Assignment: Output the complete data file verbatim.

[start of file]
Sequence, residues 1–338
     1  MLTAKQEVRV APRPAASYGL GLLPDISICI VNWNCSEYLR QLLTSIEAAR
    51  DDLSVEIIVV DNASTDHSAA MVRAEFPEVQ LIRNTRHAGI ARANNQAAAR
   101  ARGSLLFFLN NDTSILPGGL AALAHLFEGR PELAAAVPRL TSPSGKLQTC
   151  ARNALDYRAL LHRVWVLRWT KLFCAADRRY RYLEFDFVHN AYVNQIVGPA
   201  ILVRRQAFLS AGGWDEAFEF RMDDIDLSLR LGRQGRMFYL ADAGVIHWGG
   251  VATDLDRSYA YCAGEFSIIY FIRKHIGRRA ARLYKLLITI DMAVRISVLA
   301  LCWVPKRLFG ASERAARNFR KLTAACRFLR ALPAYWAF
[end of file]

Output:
Sequence, residues 1–338
     1  MLTAKQEVRV APRPAASYGL GLLPDISICI VNWNCSEYLR QLLTSIEAAR
    51  DDLSVEIIVV DNASTDHSAA MVRAEFPEVQ LIRNTRHAGI ARANNQAAAR
   101  ARGSLLFFLN NDTSILPGGL AALAHLFEGR PELAAAVPRL TSPSGKLQTC
   151  ARNALDYRAL LHRVWVLRWT KLFCAADRRY RYLEFDFVHN AYVNQIVGPA
   201  ILVRRQAFLS AGGWDEAFEF RMDDIDLSLR LGRQGRMFYL ADAGVIHWGG
   251  VATDLDRSYA YCAGEFSIIY FIRKHIGRRA ARLYKLLITI DMAVRISVLA
   301  LCWVPKRLFG ASERAARNFR KLTAACRFLR ALPAYWAF